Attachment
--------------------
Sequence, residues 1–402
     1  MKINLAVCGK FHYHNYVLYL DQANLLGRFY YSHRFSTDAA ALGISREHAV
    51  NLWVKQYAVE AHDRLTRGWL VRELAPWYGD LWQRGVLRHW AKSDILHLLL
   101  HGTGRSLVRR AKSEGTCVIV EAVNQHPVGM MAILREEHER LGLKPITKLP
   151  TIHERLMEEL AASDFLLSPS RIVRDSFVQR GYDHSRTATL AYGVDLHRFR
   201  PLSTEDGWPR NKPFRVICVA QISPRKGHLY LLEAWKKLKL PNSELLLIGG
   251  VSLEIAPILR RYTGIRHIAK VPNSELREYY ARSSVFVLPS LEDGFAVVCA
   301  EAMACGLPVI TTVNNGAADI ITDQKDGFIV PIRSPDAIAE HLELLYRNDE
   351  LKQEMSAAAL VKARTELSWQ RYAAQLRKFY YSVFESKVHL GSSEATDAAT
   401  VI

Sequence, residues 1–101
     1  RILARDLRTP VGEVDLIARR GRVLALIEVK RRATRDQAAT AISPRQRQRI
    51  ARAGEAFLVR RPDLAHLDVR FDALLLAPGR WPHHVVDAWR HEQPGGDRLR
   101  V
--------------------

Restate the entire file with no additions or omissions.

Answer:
Sequence, residues 1–402
     1  MKINLAVCGK FHYHNYVLYL DQANLLGRFY YSHRFSTDAA ALGISREHAV
    51  NLWVKQYAVE AHDRLTRGWL VRELAPWYGD LWQRGVLRHW AKSDILHLLL
   101  HGTGRSLVRR AKSEGTCVIV EAVNQHPVGM MAILREEHER LGLKPITKLP
   151  TIHERLMEEL AASDFLLSPS RIVRDSFVQR GYDHSRTATL AYGVDLHRFR
   201  PLSTEDGWPR NKPFRVICVA QISPRKGHLY LLEAWKKLKL PNSELLLIGG
   251  VSLEIAPILR RYTGIRHIAK VPNSELREYY ARSSVFVLPS LEDGFAVVCA
   301  EAMACGLPVI TTVNNGAADI ITDQKDGFIV PIRSPDAIAE HLELLYRNDE
   351  LKQEMSAAAL VKARTELSWQ RYAAQLRKFY YSVFESKVHL GSSEATDAAT
   401  VI

Sequence, residues 1–101
     1  RILARDLRTP VGEVDLIARR GRVLALIEVK RRATRDQAAT AISPRQRQRI
    51  ARAGEAFLVR RPDLAHLDVR FDALLLAPGR WPHHVVDAWR HEQPGGDRLR
   101  V